>This week and these shows have become the premier showcase for dealers to exhibit and buyers to collect some of the best early American antiques covering the 400-year history from the first European settlements through today, as well as some Native Ameri
NEW YORK — A variety of Big Apple auctions, shows and even museums shined a spotlight on American heritage during New York’s Americana Week. Held Jan. 21-23, 2011, venues emphasize the American heritage in fine art, home furnishings and furniture and folk art. The antiques shows were full with dealers from all across the country exhibiting what they have found in their own areas or in their travels that fits their own styles and tastes in Americana.
Stella Show Management had about 100 dealers for Antiques at The Armory, all showing their best collections of Americana. A few blocks away, The American Antiques Show — nicknamed TAAS — was holding court with about 40 exhibitors; TAAS was sponsored by The American Folk Art Museum. Further uptown, at 55th Street and 12th Avenue, was Americana and Antiques at The Pier also produced by Stella, which had assembled nearly 200 exhibitors, including a large contingent of book, paper and ephemera dealers.
This week and these shows have become the premier showcase for dealers to exhibit and buyers to collect some of the best early American antiques covering the 400-year history from the first European settlements through today, as well as some Native American and European antiques.
Collette Donovan, Merrimack Port, Mass., was showing a very early bedroom in her exhibit at TAAS. A rope-framed bed, an early candle stand and very early bed covers set the scene. Even the accessories were early primitives, including a wooden double- candle stand on swivel base.
Moving on through time and history, there were many exhibits featuring 18th-century home furnishing and furniture. On part of Samuel Herrup’s TAAS exhibit showed several pieces of early furniture in original paint decoration, along with slightly later accessories, including a room-size hooked rug of some ancient family pet. William and Teresa Kurau of Lampeter, Pa., had a large part of their collection of early Staffordshire and Pearlware, all English, but popular in Colonial America.
Early painted furniture at The Armory Show was the primary focus of Scott Bassoff and Sandy Jacobs of Swampscott, Mass. The largest piece was a large wardrobe in original grain paint.
Traveling from California to TAAS, Just Folk showed a very early hooked rug with a historical theme of George Washington and his horse in triumph. Just Folk’s triumph for was a sold sign over the $9,500 price tag.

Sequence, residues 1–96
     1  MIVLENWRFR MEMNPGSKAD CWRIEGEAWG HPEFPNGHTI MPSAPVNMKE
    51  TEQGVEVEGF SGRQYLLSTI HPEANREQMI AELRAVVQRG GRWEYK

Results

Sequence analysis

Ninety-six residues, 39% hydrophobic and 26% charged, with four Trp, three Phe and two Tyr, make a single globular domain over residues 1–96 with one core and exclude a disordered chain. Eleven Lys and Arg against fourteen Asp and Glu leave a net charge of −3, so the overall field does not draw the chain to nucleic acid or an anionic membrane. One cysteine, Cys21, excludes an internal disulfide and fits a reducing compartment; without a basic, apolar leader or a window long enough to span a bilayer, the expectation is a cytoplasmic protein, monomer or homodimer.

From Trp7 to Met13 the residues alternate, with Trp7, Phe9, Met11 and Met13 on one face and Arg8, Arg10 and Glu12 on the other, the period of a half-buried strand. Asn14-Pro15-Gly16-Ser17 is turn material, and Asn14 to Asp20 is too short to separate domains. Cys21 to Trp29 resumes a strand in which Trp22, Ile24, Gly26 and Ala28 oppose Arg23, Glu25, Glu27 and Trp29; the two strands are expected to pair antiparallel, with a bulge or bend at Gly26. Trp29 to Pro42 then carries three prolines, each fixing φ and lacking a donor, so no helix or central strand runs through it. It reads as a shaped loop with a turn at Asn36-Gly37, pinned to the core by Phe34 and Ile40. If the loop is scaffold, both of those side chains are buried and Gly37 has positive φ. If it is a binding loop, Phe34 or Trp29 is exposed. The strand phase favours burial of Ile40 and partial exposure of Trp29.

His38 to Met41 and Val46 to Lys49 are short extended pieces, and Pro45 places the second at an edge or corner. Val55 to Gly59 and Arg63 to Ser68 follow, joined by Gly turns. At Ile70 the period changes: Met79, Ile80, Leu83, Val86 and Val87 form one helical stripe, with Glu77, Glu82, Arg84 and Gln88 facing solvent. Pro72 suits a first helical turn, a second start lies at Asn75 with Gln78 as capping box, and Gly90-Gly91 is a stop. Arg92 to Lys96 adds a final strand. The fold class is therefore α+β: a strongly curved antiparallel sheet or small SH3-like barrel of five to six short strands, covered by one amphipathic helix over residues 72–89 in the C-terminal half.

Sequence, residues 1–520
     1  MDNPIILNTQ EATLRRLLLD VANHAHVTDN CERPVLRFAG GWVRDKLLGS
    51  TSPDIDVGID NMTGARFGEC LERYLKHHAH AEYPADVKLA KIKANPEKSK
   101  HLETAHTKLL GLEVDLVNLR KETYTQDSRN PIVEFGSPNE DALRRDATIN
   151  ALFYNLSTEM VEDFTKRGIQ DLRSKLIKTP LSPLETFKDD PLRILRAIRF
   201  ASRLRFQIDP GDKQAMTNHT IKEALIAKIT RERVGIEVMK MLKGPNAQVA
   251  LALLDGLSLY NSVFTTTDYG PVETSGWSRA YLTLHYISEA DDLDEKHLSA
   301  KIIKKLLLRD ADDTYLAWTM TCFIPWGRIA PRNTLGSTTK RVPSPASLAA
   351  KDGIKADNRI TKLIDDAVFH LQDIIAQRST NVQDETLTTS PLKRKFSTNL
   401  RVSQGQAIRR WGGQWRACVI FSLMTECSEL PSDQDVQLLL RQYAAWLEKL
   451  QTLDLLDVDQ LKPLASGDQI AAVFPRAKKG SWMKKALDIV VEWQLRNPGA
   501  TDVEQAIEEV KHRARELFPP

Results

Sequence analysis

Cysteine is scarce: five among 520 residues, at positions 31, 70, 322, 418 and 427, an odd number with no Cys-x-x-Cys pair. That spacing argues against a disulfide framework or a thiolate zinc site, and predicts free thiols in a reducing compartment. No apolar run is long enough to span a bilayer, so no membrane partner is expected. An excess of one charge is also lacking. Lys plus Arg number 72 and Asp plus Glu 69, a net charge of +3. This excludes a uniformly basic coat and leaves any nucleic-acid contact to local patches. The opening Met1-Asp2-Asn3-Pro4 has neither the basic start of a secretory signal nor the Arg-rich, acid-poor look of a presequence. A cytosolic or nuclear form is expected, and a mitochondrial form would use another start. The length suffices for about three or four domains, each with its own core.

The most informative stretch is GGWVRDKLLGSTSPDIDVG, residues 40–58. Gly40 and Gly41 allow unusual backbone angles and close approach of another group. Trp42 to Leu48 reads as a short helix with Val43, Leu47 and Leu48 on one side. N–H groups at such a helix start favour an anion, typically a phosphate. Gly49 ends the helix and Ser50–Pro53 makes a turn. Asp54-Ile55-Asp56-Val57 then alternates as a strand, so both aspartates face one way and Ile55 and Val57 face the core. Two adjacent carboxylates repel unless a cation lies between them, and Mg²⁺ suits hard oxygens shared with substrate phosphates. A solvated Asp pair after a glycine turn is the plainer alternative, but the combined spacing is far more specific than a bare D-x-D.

The collections of 19th-century antiques were plentiful at all three shows. Susan and Rod Bartha of Riverwoods, Ill., were busy Saturday at The Pier, relocating some of their inventory to fill the spaces created by early morning sales of furniture, folk art and early advertising.
Also at The Pier, Christopher Evans of Waynesboro, Va., offered Southern furniture, both in paint decoration and some hardwood in original finish.
Gordon Converse of Wayne, Pa., has a great reputation for the clocks he sells, which generally date from 1700 through 1900 and are in excellent condition. There were several featured in his exhibit at The Armory, along with some wonderful folk art and fine art.
Malcolm Franklin, a Chicago dealer at The Armory, was offering fine hardwood furniture from about 1750 through the late 19th century. His collection included upholstered pieces, as well as some early wood.
A quilt from late in the 19th was a part of the collection Stella Rubin of Darnestown, Md., shared at TAAS. The quilt depicted scenes from Genesis on its border.
Even later in the 19th century was the Stickley Collection, offered by Dalton American Decorative Arts of Syracuse, N.Y. The entire exhibit was Mission-style furniture — a pure American design. Most of the pieces were manufactured by a family of Germanic immigrants and their descendants were based in Brooklyn, N.Y., after the Civil War and still in business there today. The excellent-condition Dalton collection at TAAS was vast enough to furnish a parlor and study.
As Americana Week is not limited by dates, many exhibitors with very desirable 20th-century collections as well. Ohioan Mark Morris was at the front of The Pier with a big collection of Mid-century Modern pieces. Totally Bruce of Brooklyn, N.Y., showed a collection of funky pieces, including some gear forms and a life-size wooden horse. David Drummand of Lititz, Pa., offered a taste of the industrial style in his collection, also at The Pier.
At The Armory, Modern was the name of the game for pieces displayed by Bridges Over Time from Newburgh, N.Y. Meanwhile, Danish Modern was the theme for the display by Greg Nanamura of New York.
The collections, of course, included Folk and Outsider art from many time periods. A Bird in Hand of Florham Park, N.J., was showing 19th-century hooked rugs at TAAS. Otto and Susan Hart of Arlington, Vt., shared an eclectic mix of pieces whose only common ground was creativity. Praiseworthy Antiques of Guilford, N.Y. showed its late collection at TAAS, as well.
The majority of the exhibitors interviewed after the events were pleased with the shows and their outcomes. In most cases, the dealers saw better sales than they did last year, and there was a general consensus that traffic was up and sales were good. Furniture, accessories and art accounted for the most significant sales.
The Americana-themed shows are a New York Tradition, so you can expect them to return next January.
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